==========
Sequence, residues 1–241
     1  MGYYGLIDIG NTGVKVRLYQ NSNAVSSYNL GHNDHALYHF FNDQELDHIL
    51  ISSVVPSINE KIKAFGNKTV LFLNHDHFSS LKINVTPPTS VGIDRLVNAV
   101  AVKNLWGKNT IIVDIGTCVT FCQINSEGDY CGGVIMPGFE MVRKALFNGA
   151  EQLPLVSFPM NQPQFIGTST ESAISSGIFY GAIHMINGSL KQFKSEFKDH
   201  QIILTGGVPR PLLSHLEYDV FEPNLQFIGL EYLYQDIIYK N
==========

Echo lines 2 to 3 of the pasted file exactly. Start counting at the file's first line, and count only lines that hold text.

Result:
     1  MGYYGLIDIG NTGVKVRLYQ NSNAVSSYNL GHNDHALYHF FNDQELDHIL
    51  ISSVVPSINE KIKAFGNKTV LFLNHDHFSS LKINVTPPTS VGIDRLVNAV